I’m not expecting fireworks. There will and should be some activity during the first one hundred days of this new administration, but much of that will be trying to undo much of the damage done by Trump. After that the success of a Biden presidency should be gauged by how little the new President says or does.
The US needs to take a deep breath, maybe even go into hibernation.
The drama queens among may soon miss the errant theatrics of Donald Trump. We shouldn’t. He has, however, performed one useful task – he has exhibited and has personified the ugliness of part of the US character.
What was once a national confidence has become the deepest delusion. The USA Number One chants of so many Trump rallies were so indicative. The real fake news has been the belief that the US possesses something the rest of the world aspires to. It doesn’t.
It remains the hub of the global economy, but there is no guarantee as to how long it can keep that status. The challenge for any future US government is to manage how the country can maintain its preeminence without its historical dominance.
The denial of the Trump era has not helped that. The contradictions that have held the country together can no longer hold. There is too much disparity of wealth. Too much inequality in health and education. Too little granting of what for many in the rest of world are basic social and economic rights.
We get a lot of these things wrong here too, but not as wrong as they continue to be there.
One the proudest boasts made by those who support Trump is that he didn’t start a war. It is a hollow boast. US military involvement continued in many places where the US shouldn’t have been and has never needed to be. Some credit can be given for scaling back.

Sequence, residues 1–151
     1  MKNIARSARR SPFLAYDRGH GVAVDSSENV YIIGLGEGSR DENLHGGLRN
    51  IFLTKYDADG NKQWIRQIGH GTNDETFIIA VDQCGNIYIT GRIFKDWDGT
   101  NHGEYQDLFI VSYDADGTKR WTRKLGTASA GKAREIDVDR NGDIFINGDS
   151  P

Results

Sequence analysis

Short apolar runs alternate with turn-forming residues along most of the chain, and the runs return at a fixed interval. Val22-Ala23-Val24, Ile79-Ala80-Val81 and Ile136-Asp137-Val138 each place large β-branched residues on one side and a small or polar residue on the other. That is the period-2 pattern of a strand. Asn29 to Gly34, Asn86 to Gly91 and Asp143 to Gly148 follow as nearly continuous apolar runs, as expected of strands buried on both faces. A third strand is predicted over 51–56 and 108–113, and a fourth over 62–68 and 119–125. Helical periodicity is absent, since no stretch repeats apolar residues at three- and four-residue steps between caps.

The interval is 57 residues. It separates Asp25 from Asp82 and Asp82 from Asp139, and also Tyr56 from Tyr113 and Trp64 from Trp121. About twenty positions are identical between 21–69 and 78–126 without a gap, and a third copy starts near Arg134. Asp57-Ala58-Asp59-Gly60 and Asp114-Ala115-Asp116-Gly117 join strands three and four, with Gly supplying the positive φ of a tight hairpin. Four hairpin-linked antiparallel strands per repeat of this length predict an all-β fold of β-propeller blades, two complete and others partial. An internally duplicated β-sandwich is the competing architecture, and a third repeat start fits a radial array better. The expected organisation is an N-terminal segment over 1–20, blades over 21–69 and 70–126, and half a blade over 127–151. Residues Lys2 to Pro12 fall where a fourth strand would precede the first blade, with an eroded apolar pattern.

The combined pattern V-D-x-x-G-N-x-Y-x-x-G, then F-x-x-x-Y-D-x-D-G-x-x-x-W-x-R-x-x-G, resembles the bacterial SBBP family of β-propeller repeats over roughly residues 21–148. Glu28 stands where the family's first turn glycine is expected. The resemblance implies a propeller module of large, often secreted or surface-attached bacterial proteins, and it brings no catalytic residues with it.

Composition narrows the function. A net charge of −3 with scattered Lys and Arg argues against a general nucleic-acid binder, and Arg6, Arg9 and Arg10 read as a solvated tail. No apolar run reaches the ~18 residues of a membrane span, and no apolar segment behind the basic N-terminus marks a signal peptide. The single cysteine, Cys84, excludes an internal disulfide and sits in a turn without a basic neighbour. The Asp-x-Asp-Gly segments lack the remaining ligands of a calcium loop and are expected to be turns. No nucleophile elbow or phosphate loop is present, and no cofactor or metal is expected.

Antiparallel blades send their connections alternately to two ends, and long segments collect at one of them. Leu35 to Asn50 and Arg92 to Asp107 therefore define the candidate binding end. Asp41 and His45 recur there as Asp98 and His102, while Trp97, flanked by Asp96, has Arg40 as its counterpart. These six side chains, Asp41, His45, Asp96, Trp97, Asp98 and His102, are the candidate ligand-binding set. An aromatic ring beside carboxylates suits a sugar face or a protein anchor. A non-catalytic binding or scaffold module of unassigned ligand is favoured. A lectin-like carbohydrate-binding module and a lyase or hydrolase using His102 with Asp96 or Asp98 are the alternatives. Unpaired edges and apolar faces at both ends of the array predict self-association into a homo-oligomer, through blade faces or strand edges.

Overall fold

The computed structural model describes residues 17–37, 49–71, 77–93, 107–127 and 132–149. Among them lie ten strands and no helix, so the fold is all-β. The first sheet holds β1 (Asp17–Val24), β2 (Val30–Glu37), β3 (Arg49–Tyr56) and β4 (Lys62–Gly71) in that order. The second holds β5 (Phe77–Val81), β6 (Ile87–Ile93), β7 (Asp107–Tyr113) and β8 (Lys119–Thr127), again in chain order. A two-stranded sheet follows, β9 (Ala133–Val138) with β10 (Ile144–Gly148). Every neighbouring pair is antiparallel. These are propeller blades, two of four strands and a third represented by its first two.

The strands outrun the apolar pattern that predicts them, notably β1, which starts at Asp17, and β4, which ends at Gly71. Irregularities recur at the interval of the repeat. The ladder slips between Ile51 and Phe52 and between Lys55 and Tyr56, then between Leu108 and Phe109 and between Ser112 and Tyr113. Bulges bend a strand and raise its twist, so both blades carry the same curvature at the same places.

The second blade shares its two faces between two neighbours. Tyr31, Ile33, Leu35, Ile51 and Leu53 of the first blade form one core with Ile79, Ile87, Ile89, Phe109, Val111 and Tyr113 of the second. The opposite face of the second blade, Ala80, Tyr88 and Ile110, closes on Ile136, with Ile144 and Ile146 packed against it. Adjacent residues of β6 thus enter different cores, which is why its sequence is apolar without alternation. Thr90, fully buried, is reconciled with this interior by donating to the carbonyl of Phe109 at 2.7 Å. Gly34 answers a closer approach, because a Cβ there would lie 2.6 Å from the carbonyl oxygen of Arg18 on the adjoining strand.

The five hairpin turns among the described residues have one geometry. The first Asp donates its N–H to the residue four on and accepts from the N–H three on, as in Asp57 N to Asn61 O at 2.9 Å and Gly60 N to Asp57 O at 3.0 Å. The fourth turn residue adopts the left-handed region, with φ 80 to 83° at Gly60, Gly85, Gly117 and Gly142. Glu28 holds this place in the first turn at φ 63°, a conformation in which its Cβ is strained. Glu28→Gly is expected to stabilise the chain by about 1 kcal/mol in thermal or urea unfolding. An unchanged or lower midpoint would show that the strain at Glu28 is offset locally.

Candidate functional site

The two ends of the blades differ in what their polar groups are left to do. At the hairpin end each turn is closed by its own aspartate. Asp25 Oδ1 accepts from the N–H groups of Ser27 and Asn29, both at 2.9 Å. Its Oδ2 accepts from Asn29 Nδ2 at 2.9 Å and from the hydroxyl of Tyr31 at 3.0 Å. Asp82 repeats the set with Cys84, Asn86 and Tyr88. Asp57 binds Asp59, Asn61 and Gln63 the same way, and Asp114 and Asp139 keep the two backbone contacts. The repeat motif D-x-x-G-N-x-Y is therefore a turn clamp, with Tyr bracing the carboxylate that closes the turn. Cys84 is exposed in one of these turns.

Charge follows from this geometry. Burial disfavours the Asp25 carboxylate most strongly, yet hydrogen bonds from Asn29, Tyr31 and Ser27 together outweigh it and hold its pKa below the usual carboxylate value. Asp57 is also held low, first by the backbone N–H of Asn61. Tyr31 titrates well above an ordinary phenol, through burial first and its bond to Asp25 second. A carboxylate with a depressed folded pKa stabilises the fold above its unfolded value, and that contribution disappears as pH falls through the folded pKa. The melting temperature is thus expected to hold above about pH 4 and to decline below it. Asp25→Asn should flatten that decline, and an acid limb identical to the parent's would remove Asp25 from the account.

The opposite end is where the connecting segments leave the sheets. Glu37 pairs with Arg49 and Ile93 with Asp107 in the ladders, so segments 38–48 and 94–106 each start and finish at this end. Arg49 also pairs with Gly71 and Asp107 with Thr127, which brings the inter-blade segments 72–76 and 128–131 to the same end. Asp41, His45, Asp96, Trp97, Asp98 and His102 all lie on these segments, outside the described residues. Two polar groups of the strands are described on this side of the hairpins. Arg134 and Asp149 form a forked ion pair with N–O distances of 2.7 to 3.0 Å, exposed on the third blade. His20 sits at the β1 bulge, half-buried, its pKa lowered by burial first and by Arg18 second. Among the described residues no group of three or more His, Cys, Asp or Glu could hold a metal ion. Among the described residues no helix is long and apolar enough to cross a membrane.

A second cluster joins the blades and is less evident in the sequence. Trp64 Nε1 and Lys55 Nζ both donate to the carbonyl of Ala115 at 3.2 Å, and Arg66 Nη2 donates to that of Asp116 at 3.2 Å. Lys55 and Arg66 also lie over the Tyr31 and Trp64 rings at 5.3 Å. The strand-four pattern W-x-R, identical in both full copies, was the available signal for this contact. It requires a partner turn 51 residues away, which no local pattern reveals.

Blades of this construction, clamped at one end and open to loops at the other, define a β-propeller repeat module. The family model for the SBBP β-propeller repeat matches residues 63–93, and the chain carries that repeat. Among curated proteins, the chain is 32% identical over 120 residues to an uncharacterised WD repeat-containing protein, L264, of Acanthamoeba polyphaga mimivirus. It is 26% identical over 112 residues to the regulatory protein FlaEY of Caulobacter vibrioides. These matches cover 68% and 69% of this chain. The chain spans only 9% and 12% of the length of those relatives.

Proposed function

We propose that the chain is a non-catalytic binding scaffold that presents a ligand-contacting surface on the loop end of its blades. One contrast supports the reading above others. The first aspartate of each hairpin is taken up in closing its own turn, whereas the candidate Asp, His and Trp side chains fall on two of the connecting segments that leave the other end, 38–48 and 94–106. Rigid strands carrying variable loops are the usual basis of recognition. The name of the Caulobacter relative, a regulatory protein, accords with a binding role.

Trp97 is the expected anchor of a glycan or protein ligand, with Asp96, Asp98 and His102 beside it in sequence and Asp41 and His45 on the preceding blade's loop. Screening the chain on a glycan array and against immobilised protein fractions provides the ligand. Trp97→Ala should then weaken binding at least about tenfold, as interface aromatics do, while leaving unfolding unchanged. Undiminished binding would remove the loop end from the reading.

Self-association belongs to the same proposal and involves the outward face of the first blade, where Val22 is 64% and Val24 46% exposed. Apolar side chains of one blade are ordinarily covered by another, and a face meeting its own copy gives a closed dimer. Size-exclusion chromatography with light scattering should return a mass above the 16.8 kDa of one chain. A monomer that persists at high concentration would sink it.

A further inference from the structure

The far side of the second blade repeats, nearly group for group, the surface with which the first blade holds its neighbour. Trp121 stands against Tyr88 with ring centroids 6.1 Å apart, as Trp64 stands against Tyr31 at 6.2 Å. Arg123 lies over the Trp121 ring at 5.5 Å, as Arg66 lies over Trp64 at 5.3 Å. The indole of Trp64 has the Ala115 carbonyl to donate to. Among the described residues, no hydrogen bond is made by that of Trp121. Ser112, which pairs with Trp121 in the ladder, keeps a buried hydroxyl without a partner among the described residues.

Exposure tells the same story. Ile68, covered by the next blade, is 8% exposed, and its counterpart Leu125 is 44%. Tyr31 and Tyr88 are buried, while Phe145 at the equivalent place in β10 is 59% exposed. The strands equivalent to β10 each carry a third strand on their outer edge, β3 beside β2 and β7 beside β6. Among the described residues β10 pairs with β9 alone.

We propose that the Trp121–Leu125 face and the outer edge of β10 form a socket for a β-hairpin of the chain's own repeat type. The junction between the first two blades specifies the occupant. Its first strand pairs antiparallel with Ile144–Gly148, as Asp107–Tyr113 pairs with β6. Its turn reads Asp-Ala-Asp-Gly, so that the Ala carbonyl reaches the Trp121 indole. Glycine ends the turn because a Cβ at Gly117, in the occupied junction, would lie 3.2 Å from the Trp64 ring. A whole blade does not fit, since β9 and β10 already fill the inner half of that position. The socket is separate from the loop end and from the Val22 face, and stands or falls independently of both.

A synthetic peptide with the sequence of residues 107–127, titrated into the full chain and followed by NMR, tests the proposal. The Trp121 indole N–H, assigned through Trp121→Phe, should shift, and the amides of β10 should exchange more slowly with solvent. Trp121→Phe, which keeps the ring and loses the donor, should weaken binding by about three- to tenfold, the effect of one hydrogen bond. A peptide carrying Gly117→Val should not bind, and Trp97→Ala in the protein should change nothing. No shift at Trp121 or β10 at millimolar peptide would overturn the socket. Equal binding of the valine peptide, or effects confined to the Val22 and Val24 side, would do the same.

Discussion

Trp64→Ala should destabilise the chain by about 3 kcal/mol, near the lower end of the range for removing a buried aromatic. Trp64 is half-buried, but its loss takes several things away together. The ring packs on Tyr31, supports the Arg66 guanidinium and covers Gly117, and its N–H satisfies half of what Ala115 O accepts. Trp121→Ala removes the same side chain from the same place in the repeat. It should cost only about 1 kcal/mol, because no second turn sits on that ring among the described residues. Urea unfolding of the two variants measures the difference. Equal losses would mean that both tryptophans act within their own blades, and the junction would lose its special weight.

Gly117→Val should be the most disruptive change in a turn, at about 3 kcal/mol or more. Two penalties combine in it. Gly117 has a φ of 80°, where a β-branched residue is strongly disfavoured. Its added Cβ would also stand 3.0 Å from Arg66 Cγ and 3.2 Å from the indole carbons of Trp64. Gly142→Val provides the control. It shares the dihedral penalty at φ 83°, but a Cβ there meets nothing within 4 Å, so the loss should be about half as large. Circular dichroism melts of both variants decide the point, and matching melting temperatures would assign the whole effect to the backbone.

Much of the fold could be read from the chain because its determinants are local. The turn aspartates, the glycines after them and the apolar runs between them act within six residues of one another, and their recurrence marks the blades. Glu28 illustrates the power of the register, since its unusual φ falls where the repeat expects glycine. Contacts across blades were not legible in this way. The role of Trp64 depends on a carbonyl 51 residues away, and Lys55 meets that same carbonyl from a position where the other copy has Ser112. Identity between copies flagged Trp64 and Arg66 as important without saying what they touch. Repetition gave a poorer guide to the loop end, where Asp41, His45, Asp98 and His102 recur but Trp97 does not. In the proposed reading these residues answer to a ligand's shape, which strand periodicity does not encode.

Where Trump has created turmoil has been within the US itself, a violence turmoil born of violent language and intent. As a man who has never been at peace with himself Trump has not been, and could never be seen as, a purveyor of peace.
Where a just war should be conducted is a war on ignorance and hate. The real legacy of Trump has been through his efforts is that each feeds the other.
If Joe Biden can achieve in this, unassumingly, he will have more than justified his election. This, however, will be no Camelot.
What there should be is placemaking. Repairing the damage that been caused while trying to achieve a more proper understanding of what the role, and place, of what the US should be.
There isn’t going to be a next American century but we should all continue to try to bring about better democracy.
That of course is a wider debate about the nature of information, who holds it and how it is distributed. A debate we are all struggling with. If there is any lesson we can be learning from the Trump era, it must be how close we can be to losing even the most basic elements of our democracy.
There are future Trumps whom we need to confront, before they can be what The Donald has been. This is a time for an ordinary Joe.
Dan Boyle is a former Green Party TD and Senator and serves as a Green Party councillor on Cork City Council. His column appears here every Thursday. Follow Dan on Twitter: @sendboyle